I log my consolidated transactions in the Webull portfolio tracker, which made it a little tricky to figure out how to best handle the share conversion.
To work out the return on my TDOC position, I’ve taken my $LVGO cost basis of 400 shares at ~ $26.72 and calculated the return on a closing price of $139.77 on October 29. I used that value against the reference closing $TDOC price on the same date of $217.89.
I’ve reported my closed $LVGO position as the value of the cash payout as a sale of 400 shares at ~ $38 from my original cost basis, yielding the ~ $4500 in cash that I received in addition to $TDOC shares.
The conversion was 0.592, resulting in 236 shares. My calculated cost price for $TDOC is entered as $41.8. Happy to reconsider a better way to do this - trying to report as clearly as possible.
Mongo has snuck into third place in my portfolio after a year of steady climbing.
It’s a market leader with secular tailwinds. It has a great CEO. It’s growing well. It’s overvalued. It’s in my portfolio.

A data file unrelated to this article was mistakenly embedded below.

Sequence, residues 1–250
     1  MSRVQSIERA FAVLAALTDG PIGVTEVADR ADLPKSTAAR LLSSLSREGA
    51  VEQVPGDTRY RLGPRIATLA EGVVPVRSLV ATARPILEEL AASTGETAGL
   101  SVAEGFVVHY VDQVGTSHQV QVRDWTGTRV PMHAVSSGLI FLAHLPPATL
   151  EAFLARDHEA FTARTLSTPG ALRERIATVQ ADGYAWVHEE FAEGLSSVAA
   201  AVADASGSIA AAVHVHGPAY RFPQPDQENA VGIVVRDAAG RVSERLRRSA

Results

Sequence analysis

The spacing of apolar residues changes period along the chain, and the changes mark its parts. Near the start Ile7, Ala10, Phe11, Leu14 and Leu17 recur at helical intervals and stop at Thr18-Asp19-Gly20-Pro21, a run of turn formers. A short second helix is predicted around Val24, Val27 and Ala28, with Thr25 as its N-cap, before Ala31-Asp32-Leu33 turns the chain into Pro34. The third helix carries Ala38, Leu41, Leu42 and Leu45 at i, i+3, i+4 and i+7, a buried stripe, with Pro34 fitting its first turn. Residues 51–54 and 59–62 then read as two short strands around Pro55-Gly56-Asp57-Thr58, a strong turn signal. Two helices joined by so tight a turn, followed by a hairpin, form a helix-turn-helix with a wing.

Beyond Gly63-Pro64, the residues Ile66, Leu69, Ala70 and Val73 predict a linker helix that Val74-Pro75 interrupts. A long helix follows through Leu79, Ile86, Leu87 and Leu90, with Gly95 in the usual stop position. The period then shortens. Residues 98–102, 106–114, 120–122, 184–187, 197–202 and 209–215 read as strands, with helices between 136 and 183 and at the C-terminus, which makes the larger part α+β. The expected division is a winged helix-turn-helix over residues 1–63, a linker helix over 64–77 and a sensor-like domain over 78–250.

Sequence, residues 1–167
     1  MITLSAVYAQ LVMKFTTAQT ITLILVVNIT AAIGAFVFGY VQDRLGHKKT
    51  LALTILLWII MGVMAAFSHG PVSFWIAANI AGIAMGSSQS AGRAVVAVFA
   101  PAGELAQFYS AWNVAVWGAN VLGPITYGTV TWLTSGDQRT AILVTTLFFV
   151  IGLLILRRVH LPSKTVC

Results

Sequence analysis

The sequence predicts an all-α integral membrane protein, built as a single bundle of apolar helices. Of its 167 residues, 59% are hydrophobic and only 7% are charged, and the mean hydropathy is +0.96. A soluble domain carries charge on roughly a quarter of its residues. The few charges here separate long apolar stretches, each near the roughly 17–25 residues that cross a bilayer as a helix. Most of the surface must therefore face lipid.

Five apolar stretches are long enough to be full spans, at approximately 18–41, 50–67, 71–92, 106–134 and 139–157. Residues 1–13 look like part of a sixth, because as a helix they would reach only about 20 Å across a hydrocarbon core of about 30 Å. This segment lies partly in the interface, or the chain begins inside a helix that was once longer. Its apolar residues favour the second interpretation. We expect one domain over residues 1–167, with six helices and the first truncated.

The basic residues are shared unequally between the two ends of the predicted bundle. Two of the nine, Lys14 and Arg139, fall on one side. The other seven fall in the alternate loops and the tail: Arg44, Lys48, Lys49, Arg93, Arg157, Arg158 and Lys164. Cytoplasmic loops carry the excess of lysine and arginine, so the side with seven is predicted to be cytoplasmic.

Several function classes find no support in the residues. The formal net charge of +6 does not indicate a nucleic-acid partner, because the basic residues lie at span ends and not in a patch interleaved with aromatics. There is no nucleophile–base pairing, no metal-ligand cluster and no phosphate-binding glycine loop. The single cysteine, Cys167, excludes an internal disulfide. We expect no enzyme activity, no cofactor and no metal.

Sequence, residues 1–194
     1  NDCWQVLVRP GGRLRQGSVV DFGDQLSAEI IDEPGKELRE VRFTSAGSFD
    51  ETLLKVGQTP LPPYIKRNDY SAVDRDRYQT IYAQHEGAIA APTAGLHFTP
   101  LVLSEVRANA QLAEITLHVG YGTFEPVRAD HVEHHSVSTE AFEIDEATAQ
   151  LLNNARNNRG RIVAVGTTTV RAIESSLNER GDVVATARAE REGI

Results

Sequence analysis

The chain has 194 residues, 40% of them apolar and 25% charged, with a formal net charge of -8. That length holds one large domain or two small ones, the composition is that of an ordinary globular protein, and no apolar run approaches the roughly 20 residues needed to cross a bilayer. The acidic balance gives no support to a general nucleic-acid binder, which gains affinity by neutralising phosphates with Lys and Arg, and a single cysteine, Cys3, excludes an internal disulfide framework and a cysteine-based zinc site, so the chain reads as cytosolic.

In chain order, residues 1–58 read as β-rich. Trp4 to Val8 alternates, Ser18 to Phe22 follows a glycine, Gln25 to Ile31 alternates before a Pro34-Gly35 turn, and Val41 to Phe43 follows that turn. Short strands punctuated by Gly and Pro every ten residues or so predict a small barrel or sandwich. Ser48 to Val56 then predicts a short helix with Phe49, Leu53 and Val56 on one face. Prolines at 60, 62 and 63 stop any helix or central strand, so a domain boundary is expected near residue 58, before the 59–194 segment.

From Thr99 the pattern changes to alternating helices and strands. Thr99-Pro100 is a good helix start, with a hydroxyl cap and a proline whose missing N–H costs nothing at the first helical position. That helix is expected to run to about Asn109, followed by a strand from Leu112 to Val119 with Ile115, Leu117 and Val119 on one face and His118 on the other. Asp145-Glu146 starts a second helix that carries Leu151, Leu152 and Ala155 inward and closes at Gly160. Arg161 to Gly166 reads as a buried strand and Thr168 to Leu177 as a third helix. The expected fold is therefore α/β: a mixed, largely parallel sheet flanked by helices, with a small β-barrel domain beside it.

I added to my $TWLO position after realising that the capital I had allocated to it did not match my confidence in the company. I try to think of my position sizes on the basis of capital allocation rather than current size.
Back in November 2019 I sold 1/3 of my $TWLO due to reduced confidence in management. At the time, I specifically felt comments about '70% rev growth at scale' were misleading in terms of $SEND revenues.
Reduced confidence ≠ no confidence
I tend to adjust position sizes on qualitative factors like trust. I had scaled it back to 2/3 of a full position a year ago.
I’m once again impressed again with the execution of Jeff Lawson and team. It felt like a good month to redress the balance after the pullback from ATHs and bring the capital allocation closer to a full position size for me.
Looking forward to the ER. I topped up my position a little for similar reasons to $TWLO. I had originally considered keeping the paired allocation of $ZS and $CRWD capped together at a single position size around $10,000. The more that I have considered Crowdstrike’s execution as a public company, the more it seemed deserving of a full position from a capital allocation perspective.
Total net revenue grew 73% year-over-year (YoY) to $452 million;
Platform revenue increased 78% YoY to $319 million;
Gross profit was up 81% YoY to $215 million;
Roku added 2.9 million incremental active accounts in Q3 2020 to reach 46 million